### Some potential solutions to the problem

1. "Get the arrows right." Find careful markets to run such that the causal structure is ok (no reverse causality, no confounders, and you have a safe conclusion — explained in the post)
2. "Commit to randomization" — "randomize decisions sometimes, at random." (Explained in the post.) (There's also a sketch of a proposal for getting lots of information about the world at the cost of running a few very expensive RCTs.)
3. "Bet re-weighting" (explained in the post)
4. "Natural experiments" (explained in the post)
5. "The arrow of time" (explained in the post, resolves reverse causality)
6. "Controlled conditional prediction markets" — trying to add all relevant control variables about the possible confounders — explained in the post.

# 28

New Comment

I'm surprised the author doesn't offer "the market decides" as a solution to this. The original idea of decision markets is that the actions are taken on the basis of market prices, and under this structure causality seems like it might be handled just fine.

I don't have a rigorous proof of this - proof is difficult because decision theories tend to have vague "I know it when I see it" definitions to begin with. However, we can at least see that the original author's objections are answered. Suppose that the market prices express expectations  and  for some outcome  and some pair of options . The author worries that whether  or  is chosen might be informed by some other events or states of the world which, if they transpired or were known to hold, would modify  and .  But if the choice is determined by the closing price of the market, then there obviously cannot be any events or states of the world that inform the choice but not the closing price.

It's not obvious to me that such markets can successfully integrate all of the available information by the time it closes. The closing price can, in general, reflect information about the world not reflected by the price before closing, and the price before closing is trying to anticipate any such developments. It seems like it usually ought to converge, but I can imagine there might be some way to bake self-reference into the market such that it does not converge. Also, once it becomes clear that one choice is preferred to another, there's little incentive to trade the loser, but this might not be much of a problem in practice. If convergence is a problem, adding some randomisation to the choice might help.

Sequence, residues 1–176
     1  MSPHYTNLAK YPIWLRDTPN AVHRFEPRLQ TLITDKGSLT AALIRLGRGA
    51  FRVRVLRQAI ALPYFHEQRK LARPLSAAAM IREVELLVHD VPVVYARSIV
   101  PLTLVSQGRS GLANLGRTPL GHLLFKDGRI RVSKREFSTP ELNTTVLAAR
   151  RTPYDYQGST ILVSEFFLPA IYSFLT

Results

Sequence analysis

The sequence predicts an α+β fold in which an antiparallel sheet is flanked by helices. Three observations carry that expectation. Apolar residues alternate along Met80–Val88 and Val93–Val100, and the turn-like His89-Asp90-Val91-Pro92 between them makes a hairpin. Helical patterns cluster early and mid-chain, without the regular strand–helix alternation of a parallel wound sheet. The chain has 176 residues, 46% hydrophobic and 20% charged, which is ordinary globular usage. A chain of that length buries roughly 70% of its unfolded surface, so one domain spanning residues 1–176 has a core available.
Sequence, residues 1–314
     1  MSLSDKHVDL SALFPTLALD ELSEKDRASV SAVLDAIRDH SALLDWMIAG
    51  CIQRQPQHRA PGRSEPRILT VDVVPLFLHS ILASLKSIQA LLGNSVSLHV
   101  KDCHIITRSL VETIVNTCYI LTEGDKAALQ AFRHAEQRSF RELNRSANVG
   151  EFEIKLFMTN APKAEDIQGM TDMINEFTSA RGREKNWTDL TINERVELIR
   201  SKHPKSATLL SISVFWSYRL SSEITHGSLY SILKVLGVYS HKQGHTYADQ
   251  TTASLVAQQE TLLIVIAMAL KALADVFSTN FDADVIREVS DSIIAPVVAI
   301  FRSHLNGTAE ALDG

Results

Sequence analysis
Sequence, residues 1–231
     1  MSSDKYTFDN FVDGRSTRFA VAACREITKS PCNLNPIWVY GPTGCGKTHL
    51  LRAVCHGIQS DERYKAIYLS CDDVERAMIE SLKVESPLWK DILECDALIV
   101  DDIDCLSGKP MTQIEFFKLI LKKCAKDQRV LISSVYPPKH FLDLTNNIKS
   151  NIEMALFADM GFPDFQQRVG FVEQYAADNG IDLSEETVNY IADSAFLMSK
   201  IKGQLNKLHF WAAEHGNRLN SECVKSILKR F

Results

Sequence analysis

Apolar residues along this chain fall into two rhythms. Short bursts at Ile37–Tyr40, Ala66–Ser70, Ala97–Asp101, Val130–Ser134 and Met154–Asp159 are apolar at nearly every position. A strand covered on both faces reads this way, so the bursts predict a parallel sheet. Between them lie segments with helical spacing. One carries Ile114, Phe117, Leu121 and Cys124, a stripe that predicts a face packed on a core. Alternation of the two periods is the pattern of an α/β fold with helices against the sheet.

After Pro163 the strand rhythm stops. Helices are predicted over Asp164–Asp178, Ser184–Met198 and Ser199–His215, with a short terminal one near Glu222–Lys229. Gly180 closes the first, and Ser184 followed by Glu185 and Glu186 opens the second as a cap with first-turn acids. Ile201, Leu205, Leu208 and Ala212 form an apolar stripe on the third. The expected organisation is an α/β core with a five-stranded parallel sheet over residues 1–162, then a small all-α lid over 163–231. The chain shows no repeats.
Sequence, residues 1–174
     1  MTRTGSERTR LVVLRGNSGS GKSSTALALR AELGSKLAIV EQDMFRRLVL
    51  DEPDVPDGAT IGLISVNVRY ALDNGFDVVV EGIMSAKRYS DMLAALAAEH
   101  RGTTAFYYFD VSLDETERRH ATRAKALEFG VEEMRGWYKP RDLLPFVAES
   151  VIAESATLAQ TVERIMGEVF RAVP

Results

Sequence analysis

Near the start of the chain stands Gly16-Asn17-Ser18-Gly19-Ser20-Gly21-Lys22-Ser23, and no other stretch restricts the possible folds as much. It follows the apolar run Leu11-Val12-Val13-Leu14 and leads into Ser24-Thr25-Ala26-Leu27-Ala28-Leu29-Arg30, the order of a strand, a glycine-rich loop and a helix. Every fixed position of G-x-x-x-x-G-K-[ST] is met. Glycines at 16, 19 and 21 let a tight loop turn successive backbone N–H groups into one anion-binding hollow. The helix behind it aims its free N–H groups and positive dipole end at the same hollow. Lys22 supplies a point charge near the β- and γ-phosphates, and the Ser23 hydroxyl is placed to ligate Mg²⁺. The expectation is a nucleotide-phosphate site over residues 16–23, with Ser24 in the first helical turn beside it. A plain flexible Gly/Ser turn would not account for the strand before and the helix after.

Also, there's always a way to implement "the market decides". Instead of asking P(Emissions|treaty), ask P(Emissions|market advises treaty), and make the market advice = the closing prices. This obviously won't be very helpful if no-one is likely to listen to the market, but again the point is to think about markets that people are likely to listen to.

Certainly, if your decision is a deterministic function of the final market price, then there's no way that any hidden information can influence the decision except via the market price. However, what I worry about here is: Do investors in such a market still have the right incentives—will they produce the same prices as they would if the decision was guaranteed to be made randomly? That might be true—and I can't easily come up with a counterexample—but it would be nice to have an argument. Do I correctly understand your second to last paragraph as meaning that you aren't sure of this either?

Just a quick note: I wrote a post on issues with Futarchy a while back. (I haven't read it in months, have changed my mind on a number of things since then — some of which would probably affect my arguments in that post, and don't know how much of it I'd still endorse, but am sharing it in case it's useful.)

Yeah, I’m also not sure. The main issue I see is whether we can be confident that the loser is really worse without randomising ( I don’t expect the price of the loser to accurately tell us how much worse it is).

Edit: turns out that this question has been partially addressed. They sort of say “no”, but I’m not convinced. In their derivation of incompatible incentives, they condition on the final price, but traders are actually going to be calculating an expectation over final prices. They discuss an example where, if the losing action is priced too low, there’s an incentive to manipulate the market to make that action win. However, the risk of such manipulation is also an incentive to correctly price the loser, even if you’re not planning on manipulation.